CHARLOTTESVILLE, Va. (AP) — Virginia is hoping the third time is the charm when they face No. 23 Virginia Tech.
The Cavaliers (8-3, 5-2 Atlantic Coast Conference) have twice previously played the Hokies with the ACC’s Coastal Division title on the line, and neither went well. They lost 33-21 in 2007 and 38-0 in 2011, with both games at Scott Stadium. Virginia will be home again on Friday with the Coastal Division title on the line.
After a slow start to the season, the Hokies (8-3, 5-2) are the ACC’s hottest team besides No. 3 Clemson, having won six of seven. The change started when they switched to Hendon Hooker at quarterback — he’s 6-0 as the starter — and includes back-to-back shutouts against bowl-bound Wake Forest (45-0) and Pittsburgh (28-0) in the past two weeks.
The Hokies have also won the last 15 in the series, including a heartbreaker for the Cavaliers a year ago in Blacksburg, so their surge this season is attention-getting.
“I think Virginia Tech's brand has become stronger this year as they played, and their identity has become clearer of how their offense, defense and special teams fit together,” said Virginia coach Bronco Mendenhall, who has identified beating Virginia Tech as a top priority since his arrival four years ago. “I think their defense is gaining momentum, doing a nice job over the last three weeks especially. Again, clarity on who they are, how they're going to play.”
The Cavaliers’ loss last season came after they settled for a field goal to go ahead 31-25 with 2:41 to play. The Hokies’ Hezekiah Grimsley recovered a fumble in the end zone to tie the game with 1:51 to play. The Cavaliers limited Virginia Tech to a field goal in overtime, but were unable to score themselves in the Hokies’ 34-31 victory.
While he’d like to keep Virginia Tech’s winning streak going, Hokies coach Justin Fuente knows the competitiveness in the series is a positive.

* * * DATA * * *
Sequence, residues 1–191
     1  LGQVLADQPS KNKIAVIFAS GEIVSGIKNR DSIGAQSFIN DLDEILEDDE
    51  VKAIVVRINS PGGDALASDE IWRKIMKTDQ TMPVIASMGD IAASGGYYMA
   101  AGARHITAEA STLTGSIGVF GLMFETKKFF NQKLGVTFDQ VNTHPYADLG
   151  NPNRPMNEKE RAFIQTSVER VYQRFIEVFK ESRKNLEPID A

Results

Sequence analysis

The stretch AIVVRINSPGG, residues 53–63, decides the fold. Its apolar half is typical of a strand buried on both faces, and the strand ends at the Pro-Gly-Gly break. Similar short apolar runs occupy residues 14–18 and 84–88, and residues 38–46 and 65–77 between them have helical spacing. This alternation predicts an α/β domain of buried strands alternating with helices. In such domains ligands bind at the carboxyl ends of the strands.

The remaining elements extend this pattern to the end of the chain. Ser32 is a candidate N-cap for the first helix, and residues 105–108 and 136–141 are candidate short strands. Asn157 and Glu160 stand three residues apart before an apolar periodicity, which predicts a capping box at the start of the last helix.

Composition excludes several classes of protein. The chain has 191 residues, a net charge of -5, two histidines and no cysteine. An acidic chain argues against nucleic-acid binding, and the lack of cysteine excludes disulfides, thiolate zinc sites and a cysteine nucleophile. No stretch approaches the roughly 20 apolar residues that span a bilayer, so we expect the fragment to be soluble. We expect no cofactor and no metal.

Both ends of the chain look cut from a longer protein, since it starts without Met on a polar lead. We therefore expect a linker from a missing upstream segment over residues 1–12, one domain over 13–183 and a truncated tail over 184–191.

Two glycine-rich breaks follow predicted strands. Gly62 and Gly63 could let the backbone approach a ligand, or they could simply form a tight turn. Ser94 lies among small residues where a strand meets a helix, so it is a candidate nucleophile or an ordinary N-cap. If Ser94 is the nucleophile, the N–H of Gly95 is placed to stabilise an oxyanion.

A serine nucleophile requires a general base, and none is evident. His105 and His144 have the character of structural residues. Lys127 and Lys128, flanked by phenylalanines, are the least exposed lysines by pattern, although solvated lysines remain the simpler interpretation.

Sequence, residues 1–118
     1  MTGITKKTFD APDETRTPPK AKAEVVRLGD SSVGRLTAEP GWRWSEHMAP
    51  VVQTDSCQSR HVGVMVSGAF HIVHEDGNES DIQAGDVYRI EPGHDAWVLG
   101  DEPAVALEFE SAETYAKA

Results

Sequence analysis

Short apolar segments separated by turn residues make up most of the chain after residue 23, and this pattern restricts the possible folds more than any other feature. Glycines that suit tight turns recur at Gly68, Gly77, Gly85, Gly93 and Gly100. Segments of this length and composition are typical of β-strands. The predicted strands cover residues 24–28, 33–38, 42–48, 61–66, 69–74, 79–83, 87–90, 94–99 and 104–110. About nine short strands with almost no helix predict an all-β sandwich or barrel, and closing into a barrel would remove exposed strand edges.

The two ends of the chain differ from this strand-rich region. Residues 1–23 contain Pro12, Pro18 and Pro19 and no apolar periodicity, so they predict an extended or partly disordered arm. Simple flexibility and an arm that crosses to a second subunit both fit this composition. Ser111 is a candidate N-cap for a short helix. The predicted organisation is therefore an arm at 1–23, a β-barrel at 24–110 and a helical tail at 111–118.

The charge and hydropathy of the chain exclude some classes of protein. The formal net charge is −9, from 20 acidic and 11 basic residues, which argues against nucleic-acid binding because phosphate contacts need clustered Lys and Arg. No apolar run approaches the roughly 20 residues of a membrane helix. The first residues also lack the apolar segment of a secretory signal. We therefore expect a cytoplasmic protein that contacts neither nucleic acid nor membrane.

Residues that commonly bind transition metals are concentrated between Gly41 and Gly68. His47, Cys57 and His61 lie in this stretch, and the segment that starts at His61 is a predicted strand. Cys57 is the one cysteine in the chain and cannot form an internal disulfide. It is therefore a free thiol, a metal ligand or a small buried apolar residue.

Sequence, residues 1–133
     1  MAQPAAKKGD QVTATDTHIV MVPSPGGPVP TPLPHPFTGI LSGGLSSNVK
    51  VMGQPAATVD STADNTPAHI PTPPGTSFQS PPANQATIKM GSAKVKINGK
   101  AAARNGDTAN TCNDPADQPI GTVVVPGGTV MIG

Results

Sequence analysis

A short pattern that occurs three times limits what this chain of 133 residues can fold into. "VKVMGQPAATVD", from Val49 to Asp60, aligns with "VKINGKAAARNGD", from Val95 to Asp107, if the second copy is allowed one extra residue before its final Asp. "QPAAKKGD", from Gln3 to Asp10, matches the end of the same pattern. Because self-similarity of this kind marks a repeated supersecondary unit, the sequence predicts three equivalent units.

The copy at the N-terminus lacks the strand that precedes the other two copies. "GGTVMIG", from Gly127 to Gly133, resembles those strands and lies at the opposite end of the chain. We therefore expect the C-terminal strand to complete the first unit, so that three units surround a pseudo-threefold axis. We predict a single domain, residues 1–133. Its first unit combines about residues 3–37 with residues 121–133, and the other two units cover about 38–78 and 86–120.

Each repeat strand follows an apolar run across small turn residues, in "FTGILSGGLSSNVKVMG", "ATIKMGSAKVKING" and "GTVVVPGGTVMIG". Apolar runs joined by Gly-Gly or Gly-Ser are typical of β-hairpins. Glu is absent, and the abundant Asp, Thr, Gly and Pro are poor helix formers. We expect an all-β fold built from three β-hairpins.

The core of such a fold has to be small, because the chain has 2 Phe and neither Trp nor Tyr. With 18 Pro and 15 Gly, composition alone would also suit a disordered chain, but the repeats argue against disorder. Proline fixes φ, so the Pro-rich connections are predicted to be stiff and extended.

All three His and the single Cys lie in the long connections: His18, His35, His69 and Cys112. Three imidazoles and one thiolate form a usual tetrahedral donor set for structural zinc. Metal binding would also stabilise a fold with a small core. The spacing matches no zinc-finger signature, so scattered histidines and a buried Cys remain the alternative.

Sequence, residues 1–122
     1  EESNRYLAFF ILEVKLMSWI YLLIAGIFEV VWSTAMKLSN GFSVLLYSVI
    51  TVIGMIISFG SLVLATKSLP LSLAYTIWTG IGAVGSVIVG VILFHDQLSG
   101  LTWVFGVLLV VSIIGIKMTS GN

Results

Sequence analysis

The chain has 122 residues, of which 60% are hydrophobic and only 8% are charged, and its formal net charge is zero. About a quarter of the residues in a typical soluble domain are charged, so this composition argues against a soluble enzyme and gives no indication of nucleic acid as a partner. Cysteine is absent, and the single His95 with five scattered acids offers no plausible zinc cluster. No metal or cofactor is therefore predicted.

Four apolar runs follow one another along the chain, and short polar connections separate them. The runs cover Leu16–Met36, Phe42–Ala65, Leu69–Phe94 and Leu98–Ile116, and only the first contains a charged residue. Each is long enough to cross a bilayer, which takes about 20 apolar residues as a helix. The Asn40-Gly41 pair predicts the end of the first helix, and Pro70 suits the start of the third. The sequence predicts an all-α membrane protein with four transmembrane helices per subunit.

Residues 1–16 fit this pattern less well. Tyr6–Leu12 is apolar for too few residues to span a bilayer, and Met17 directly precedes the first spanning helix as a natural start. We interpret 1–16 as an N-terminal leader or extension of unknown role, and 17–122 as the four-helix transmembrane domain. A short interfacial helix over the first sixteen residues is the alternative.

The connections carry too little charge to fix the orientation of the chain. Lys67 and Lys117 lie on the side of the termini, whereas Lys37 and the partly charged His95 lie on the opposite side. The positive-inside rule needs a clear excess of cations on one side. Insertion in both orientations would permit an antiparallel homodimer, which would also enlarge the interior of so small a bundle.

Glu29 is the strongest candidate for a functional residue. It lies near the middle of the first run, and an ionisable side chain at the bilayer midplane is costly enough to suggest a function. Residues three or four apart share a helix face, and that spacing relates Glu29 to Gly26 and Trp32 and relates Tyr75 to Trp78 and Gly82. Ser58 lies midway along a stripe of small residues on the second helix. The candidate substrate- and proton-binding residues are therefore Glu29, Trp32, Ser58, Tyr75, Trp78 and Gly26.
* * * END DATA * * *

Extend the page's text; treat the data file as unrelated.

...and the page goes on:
“I do think it’s good that there is a lot at stake no matter what,” Fuente said. “We understand that, but it’s good for the commonwealth that the teams are fairly successful. The thing about competition and rivalries and all that sort of stuff is when you are in it, it still comes down to execution.”
Some other things to watch when Virginia Tech and Virginia meet Friday for the Commonwealth Cup:
Quarterback play is critical in every game, but it’s magnified in this one. Hooker is not only unbeaten as a starter, but he’s thrown for 10 touchdowns without an interception. Virginia’s Bryce Perkins leads the ACC with 3,161 yards of total offense, but also was charged with the fumble that ended last year’s game in overtime.
Both defenses rank among the nation’s top 20 in sacks per game. Virginia is tied for eighth with 3.36 per game, and the Hokies are 12th with 3.18 per game. While Perkins is more dangerous when he tucks the ball to run, Hooker has also had success running and similar success would free things up for their other offensive weapons.
It will be senior day for Virginia with all fourth- and fifth-year player introduced along with their families before the game. It also will be the last matchup with Virginia for Hokies longtime defensive coordinator Bud Foster, who is retiring at season’s end. Virginia Tech has a 21-3 record against Virginia with Foster as coordinator.
The crowd for these matchups at Scott Stadium has often featured a sizable Virginia Tech contingent decked out in maroon. Virginia’s attendance and fan involvement have improved greatly this season, so even the players and coaches are likely to take note is they are greeted by a sea of maroon before kickoff.
FACTS AND STATS
Retiring Hokies defensive coordinator Bud Foster’s defense has registered 36 shutouts in his 33 years at Virginia Tech. ... Virginia Tech is averaging 197 rushing yards and has 14 rushing touchdowns during its five-game ACC winning streak. ... The Hokies have outscored Virginia 436-180 during their streak. ... Virginia’s Joe Reed needs 11 kickoff return yards to reach 3,000 for his career. ... Virginia has never won the Coastal Division and, with a win, would give each of the seven teams in the division one title in the last seven years.
This story has been corrected to show that the Cavaliers lost to the Hokies 38-0 in 2011, not 2001.